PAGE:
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Wa. Appeals Court Says Ballard High Gunman Should Get New Sentencing Hearing

Nicholas K. Geranios
Airway Heights Corrections Center, where Brian Ronquillo is currently incarcerated

More than 20 years ago, a drive-by shooting outside Ballard High School in Seattle left 16-year-old Melissa Fernandes dead. The perpetrator, Brian Ronquillo, also a teenager, was sent to prison for more than 50 years.

Now, the state Court of Appeals says the killer’s age should have been considered. It is another sign that courts are giving more weight to teenage brain development.

Brian Ronquillo was in the passenger seat of a car when he shot at rival gang members and killed an innocent bystander outside Ballard High School in Seattle. Ronquillo was tried as an adult and convicted of first-degree murder.

But, as a 16-year-old, did he fully understand the consequences of his actions?

It is a question that should be asked, says Nick Straley, who works on youth sentencing reform and is a staff attorney with Columbia Legal Services.

“What all parents can see is that teenagers don’t act in ways that we all think would be rational or reasonable and the reason they don’t act that way is because of their brain.” said Straley.

Straley, who is not associated with the Ronquillo case, points to research done in the past 20 years showing that the juvenile brain is structurally different than the adult brain, that things like judgment and the understanding of long term consequences do not fully kick in until someone is in their mid-20s.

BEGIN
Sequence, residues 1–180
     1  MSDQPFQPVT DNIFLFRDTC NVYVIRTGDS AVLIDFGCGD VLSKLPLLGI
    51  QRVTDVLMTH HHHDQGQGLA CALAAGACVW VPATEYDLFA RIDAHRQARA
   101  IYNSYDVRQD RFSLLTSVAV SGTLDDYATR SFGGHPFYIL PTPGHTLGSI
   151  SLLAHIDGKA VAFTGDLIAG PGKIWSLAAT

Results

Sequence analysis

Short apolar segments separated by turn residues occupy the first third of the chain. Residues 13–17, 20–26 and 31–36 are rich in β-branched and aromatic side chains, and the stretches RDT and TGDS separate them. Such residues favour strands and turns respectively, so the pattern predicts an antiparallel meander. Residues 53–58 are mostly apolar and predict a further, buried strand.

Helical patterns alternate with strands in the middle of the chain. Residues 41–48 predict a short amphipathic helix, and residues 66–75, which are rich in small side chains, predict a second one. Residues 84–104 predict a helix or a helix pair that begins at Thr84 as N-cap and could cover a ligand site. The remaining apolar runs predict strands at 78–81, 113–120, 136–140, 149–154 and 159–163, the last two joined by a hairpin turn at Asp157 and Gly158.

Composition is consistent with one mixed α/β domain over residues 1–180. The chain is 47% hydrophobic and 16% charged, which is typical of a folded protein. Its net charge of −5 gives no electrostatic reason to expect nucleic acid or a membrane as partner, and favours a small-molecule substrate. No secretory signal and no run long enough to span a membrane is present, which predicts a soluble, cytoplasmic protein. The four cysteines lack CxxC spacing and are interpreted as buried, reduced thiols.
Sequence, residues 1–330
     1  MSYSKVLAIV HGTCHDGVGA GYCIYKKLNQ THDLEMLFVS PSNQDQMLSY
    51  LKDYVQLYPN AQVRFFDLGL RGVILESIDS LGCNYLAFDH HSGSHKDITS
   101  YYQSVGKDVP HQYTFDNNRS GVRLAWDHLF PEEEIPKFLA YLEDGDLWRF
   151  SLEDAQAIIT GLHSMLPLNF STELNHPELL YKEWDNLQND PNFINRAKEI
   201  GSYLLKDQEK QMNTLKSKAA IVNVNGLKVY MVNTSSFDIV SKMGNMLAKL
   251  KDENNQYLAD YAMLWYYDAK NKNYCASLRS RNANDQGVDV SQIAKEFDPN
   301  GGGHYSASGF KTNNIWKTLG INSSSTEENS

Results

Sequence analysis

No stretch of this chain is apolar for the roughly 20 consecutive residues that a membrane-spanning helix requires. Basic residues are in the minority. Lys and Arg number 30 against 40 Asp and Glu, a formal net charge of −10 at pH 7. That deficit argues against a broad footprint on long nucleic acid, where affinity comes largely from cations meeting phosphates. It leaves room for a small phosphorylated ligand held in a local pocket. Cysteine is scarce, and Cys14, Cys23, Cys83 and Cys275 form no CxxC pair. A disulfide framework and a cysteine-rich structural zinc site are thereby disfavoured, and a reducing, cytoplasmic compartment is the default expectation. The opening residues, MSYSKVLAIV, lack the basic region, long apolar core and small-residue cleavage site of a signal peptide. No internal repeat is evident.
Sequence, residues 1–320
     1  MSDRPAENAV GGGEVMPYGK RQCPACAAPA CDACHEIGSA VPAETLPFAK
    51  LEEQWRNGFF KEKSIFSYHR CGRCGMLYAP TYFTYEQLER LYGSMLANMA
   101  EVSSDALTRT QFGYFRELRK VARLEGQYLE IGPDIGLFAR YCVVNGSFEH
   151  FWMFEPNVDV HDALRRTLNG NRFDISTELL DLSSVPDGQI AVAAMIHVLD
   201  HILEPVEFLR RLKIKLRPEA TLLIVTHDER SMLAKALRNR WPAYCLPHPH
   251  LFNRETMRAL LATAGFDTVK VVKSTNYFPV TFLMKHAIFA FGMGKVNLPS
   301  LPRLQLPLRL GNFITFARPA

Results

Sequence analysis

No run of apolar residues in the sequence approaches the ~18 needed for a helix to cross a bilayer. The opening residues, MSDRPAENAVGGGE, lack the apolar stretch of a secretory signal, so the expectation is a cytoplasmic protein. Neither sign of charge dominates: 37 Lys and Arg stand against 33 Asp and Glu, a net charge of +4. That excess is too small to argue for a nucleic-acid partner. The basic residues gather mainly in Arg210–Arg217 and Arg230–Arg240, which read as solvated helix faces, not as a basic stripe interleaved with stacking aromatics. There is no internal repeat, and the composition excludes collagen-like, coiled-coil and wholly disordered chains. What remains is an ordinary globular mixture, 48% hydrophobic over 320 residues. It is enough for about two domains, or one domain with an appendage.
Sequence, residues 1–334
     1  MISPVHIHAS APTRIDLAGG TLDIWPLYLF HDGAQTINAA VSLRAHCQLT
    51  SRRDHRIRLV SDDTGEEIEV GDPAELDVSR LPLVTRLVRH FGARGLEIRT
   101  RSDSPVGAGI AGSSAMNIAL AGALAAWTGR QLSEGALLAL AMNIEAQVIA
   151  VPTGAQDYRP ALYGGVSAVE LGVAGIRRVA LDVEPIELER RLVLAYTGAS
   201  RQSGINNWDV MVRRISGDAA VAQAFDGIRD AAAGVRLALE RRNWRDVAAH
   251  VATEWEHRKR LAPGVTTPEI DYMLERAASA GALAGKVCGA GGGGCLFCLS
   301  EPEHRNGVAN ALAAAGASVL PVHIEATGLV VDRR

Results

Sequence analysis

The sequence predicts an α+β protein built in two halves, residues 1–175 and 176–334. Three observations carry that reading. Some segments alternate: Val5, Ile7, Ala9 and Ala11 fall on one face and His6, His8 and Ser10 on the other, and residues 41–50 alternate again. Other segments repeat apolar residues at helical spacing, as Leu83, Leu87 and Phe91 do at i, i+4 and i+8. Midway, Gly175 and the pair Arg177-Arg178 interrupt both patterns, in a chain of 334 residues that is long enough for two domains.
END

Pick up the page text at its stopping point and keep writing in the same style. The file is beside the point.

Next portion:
He says all you have to do is look at the crime rates.

“Crime spikes at around age 20 and then fall precipitously thereafter.” Straley said.

Courts are acknowledging this development in brain science. The U.S. Supreme Court says sentencing a juvenile to life in prison amounts to cruel and unusual punishment.

The recent Washington Court of Appeals decision takes that one step further. It says that Brian Ronquillo’s 51-year sentence for the drive-by killing of Melissa Fernandes amounts to a “de facto life sentence” and should be reexamined.

Critics fear rulings like this could mean kids will be able to, literally, get away with murder. But proponents counter that judges will still be able to consider the nature of a crime when handing down a sentence.

“It’s just that the age of the child is also a fundamental element that needs to be considered,” said Straley.

Unless the King County prosecutor appeals the recent decision, Brian Ronquillo, now in his late 30s, could soon be back in court asking the judge to reduce the sentence he was given as a teenager and resentenced to in March of 2014 after a court ruled there were technical flaws with the original sentence.

Paula reports on groundbreaking legal decisions in Washington State and on trends in crime and law enforcement. She’s been at KNKX since 1989 and has covered the Law and Justice beat for the past 15 years. Paula grew up in Idaho and, prior to KNKX, worked in public radio and television in Boise, San Francisco and upstate New York.